How another pandemic gave birth to Karnataka's health services

Covid has altered life around the world, and the three-week crash, despite being necessary, has created a set of problems of its own. There is an aura of fear and paranoia in the atmosphere. But then, pandemics are not new to India. It's just that advances in technology and hygiene have made us forget them.

It was August 11, 1898, and a train of people entered the Bangalore cantonment from Bombay through Hubli. A crazy railroad superintendent, followed by his butler, disembarked at the station. The railways underwent a physical examination since the illness had spread to the Bombay presidency at the time, and a police officer would escort the passenger to his home to determine his residence and had to present himself to checks for 10 consecutive days . Similarly, railway staff noticed that the butler was showing symptoms of the epidemic. He goes down in history as the first patient in Bangalore when he was confirmed with plague the next day and died on August 15, 1898.

PR Cadell's British official report on the plague outbreak in Bangalore 1898-99 records this incident, but also points to a train with grain stopped at the Bangalore city station at the same time. Authorities quarantined the cargo workers, 22 of them, in the good shed area (later Godownpet) to contain the disease. The approach seemed successful until September 9. After that, the plague got out of control and quickly spread to the Cottonpet and Akkipet areas. The 1998 geographical dictionary recorded the rapid increase in mortality in Bangalore since September 19 as 105 deaths per week. In October, 1,393 plague attacks were recorded and 2,807 died in the Pete area alone. That December, the cantonment had 1,547 casualties.

Dozen rats, three annas

The Bangalore administration's annual report of 1898-99 had registered the government allocating Rs 2.45,790 as a Plague Fund to control the epidemic and a Plague Commission was appointed. The municipality bought 22 cars with 22 pairs of oxen for 2,565 rupees and handed them over to new street sweepers to remove the bodies from drains, garbage cans and even public toilets.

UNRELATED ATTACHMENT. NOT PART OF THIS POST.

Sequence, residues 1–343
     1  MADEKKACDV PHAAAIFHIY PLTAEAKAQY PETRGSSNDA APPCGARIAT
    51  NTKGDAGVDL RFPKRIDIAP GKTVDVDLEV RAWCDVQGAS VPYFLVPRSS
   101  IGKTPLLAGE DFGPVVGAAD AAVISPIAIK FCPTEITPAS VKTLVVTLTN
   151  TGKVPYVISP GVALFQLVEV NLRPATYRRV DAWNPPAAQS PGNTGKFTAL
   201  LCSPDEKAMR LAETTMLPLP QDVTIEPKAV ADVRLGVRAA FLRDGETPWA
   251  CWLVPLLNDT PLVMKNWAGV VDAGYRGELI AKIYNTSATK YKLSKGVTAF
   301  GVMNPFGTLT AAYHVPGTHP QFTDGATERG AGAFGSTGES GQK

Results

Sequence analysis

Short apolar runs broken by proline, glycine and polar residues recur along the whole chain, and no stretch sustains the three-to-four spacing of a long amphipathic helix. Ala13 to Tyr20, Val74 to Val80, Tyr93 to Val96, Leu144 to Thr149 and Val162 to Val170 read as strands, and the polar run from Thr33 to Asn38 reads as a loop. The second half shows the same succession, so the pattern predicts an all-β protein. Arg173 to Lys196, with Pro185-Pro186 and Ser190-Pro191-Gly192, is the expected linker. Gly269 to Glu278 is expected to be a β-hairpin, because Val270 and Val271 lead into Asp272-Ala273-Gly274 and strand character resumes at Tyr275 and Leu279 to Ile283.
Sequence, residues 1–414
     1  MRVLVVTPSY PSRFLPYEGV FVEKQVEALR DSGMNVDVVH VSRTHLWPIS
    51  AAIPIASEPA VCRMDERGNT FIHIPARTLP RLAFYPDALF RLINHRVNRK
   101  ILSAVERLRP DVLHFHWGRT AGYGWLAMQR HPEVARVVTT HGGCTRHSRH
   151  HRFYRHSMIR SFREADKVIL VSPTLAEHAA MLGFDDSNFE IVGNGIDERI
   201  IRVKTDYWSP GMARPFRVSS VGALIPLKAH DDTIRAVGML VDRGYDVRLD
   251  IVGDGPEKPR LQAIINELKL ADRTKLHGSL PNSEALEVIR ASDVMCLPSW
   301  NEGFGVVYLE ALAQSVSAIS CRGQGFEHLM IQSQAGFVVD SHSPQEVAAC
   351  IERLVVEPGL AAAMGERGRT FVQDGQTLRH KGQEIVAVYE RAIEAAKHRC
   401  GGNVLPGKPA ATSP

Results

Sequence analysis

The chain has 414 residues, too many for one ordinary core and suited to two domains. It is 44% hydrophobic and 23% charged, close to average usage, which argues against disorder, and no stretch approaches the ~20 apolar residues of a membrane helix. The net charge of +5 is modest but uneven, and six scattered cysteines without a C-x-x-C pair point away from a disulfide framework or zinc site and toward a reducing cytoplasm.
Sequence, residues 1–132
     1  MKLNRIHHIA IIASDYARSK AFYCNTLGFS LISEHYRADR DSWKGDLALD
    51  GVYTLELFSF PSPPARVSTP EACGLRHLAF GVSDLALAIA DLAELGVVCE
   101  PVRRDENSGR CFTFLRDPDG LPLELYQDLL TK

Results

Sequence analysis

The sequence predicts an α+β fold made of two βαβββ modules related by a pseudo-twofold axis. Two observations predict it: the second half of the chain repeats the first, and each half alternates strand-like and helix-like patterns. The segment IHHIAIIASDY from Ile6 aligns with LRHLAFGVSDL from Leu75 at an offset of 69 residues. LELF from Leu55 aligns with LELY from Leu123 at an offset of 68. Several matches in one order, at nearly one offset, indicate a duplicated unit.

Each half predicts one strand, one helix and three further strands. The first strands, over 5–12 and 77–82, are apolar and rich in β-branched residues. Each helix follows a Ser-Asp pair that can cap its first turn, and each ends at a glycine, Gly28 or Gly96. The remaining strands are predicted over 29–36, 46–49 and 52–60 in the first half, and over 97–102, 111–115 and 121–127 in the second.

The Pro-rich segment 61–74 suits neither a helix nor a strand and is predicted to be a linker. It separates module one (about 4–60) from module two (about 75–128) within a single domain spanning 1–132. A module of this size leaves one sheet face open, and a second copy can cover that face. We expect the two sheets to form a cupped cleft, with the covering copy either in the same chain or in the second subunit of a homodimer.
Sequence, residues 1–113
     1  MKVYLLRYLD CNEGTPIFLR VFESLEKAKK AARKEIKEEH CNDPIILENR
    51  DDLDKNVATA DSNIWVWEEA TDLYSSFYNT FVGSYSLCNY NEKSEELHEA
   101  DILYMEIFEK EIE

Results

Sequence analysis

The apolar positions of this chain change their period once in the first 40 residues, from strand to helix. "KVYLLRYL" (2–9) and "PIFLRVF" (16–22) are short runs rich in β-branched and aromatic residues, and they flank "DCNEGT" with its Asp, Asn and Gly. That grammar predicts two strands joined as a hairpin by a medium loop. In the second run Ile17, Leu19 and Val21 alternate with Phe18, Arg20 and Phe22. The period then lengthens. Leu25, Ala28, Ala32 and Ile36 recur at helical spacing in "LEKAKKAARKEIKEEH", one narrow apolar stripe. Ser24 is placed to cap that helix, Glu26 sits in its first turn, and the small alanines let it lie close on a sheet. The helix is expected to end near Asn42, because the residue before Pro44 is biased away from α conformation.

The Commission began to oversee pest control and observation through special camps established on Magadi Road, then on the outskirts of the city. Celebrations and festivals canceled, Yeswantpur railway station became a medical inspection site for people entering the city. People with mild plague symptoms were quarantined in 588 sheds over a 10-day period with mandatory segregation. Flyers and notices were distributed to spread awareness and explain the symptoms of the epidemic in bullock carts. Drains were cleaned, 18,438 houses were disinfected, 651 houses were demolished, and 36,259 people were inoculated as pest prevention.

Municipal authorities offered six annas for a dozen dead bandicoots, three annas for a dozen rats, and two annas for a dozen mice, in an effort to reduce the population of rodents, believed to be vectors of pests. The reward remained in force until 1911.

Basavanagudi Birth, Malleswaram

In 1896 as part of a city expansion plan, the plots for sale were divided into Basavanagudi and Malleswaram by local authorities. But there were almost no takers. The plague epidemic in Bangalore dramatically changed that with the people who stayed in the city during the spread who moved to the two areas and set up tents to escape the outbreak.

“People were desperate for good and spacious living conditions, fresh water and wider roads than ever before after witnessing the rampant spread of the plague in narrow areas of Petta. Thereafter, the Basavanagudi and Malleswaram areas that were mostly open land were occupied by people who later led to the development of the towns, ”said Suresh Moona, a historian and columnist for the city.

Padmanabhan Palpu, a famous Kerala doctor and bacteriologist, was released as the first health officer with a monthly salary of Rs 400 during the plague outbreak. He played a key role in containing the spread in Bangalore. The Mysore Maharaja later congratulated Palpu on his hard service to the state and was instrumental in establishing the Victoria Hospital here.

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